Forrest, instead of dealing with a somewhat abstract "I said" and "you said" dialogue, I think we need to examine what John Woolman said!!!  I began with a narrative excerpt of what he actually experienced in ministry.  He states that he felt "an exercise of spirit" to rise at a particular worship occasion and offer words of ministry.  Then he was shown that he had outrun "the divine opening" he had been given and it left him "troubled" and in "distress".  He labored inwardly over this for several weeks until his "gracious Redeemer" gave him peace and calm.

He was then enabled to speak in that authority the Lord gives when one is called to speak in His name: "I felt that rise which prepares the creature to stand like a trumpet, through which the Lord speaks to his flock."   We don't know what he actually uttered on this second occasion, but it was apparently under a sense of Divine authority to speak for God!

Unless you can show otherwise, this is an example of Woolman "the actual person!"  And he doesn't sound like a "zombie".  My next move will be to read Kershner's essay on "Mysticism and Revelation in John Woolman's Theology" in Quaker Religious Thought to see if he sheds any further light on the subject.

If you choose to reply, please show what you are claiming by actual quotations from Woolman.  NT Wright is a reputable scholar, but we need to tether our remarks to Woolman's own narrative.

Comment by William F Rushby on 5th mo. 3, 2020 at 5:54am
Comment by Forrest Curo on 5th mo. 3, 2020 at 10:31am

To criticize a traditional ideal of what a proper human relation to God should look like -- will not please you, no matter what I say. It certainly does not improve your thinking or your stratagems of argument.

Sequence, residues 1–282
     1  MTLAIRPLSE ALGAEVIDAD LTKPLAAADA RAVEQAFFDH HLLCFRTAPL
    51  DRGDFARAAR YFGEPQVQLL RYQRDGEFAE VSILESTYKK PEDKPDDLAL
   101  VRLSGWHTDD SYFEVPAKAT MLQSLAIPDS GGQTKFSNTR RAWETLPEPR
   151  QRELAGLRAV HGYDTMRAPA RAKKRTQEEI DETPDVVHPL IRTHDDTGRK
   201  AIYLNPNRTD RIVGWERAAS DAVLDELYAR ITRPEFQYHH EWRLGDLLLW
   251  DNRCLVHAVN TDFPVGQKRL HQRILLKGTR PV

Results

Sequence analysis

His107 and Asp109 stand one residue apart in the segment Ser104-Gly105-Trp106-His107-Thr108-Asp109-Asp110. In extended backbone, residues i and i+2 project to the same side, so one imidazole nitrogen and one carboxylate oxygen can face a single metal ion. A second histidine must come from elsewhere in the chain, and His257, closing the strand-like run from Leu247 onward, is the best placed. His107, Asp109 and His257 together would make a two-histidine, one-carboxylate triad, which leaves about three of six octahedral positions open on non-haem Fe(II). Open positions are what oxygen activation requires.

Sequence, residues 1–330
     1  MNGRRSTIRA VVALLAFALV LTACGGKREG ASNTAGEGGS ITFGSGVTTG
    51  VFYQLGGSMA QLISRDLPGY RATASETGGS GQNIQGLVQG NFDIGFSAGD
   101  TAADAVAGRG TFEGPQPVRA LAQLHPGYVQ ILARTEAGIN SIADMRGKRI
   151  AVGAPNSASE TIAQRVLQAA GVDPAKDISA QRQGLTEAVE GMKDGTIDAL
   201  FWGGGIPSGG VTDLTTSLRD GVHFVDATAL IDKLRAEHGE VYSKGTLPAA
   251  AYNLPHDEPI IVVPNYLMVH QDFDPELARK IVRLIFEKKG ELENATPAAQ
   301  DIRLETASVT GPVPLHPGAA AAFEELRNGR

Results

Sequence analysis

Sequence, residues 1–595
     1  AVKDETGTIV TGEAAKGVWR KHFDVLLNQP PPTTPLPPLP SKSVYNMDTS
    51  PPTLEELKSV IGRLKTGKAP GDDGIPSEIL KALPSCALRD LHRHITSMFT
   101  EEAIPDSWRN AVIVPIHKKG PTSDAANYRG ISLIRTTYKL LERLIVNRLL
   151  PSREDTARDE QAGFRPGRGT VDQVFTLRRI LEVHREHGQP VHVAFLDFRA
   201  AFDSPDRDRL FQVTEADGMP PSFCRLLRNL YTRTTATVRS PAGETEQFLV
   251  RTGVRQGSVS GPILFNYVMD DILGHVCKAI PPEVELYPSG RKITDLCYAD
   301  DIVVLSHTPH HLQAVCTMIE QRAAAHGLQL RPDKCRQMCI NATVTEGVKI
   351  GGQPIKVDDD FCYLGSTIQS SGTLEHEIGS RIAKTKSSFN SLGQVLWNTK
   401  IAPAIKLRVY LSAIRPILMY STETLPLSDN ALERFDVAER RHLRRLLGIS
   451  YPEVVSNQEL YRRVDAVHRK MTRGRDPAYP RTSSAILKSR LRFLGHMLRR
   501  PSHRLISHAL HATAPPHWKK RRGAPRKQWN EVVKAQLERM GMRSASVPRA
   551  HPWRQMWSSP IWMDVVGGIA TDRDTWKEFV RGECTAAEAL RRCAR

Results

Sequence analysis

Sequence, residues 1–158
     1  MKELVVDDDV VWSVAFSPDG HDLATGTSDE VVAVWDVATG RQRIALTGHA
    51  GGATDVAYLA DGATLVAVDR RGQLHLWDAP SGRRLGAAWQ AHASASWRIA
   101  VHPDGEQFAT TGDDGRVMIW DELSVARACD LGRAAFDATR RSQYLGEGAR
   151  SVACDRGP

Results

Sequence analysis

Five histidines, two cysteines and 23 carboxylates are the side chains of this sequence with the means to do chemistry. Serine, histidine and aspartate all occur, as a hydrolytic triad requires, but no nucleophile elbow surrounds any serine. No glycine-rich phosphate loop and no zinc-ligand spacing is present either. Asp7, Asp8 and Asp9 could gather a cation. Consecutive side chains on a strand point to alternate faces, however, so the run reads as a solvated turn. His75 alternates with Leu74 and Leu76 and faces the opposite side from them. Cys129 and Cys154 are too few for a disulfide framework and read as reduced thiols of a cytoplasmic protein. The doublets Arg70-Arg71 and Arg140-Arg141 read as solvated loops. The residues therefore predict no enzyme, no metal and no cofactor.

It isn't improving me either. If you want to know, where is everybody gone? -- and why? -- My take is that two things are required to make a discussion site worthwhile:

1) There has to be some degree of disagreement, to avoid a "You're so right!" -- "Yes, isn't that true?" stagnation. There's nothing to be learned from people no different from ourselves.

2) The prevailing response to disagreement can't be too adversarial. "You're so wrong!" -- "What a crock!" doesn't tend to encourage learning anything but "How can I defend myself?"  I'm good enough at that; I should know -- and it's as good a source of truth as two liars arguing their cases in court.

Sorry; I simply have better things to do.

Comment by William F Rushby on 5th mo. 3, 2020 at 11:12am

Forrest:  My impression is that you don't really want to engage with the actual John Woolman.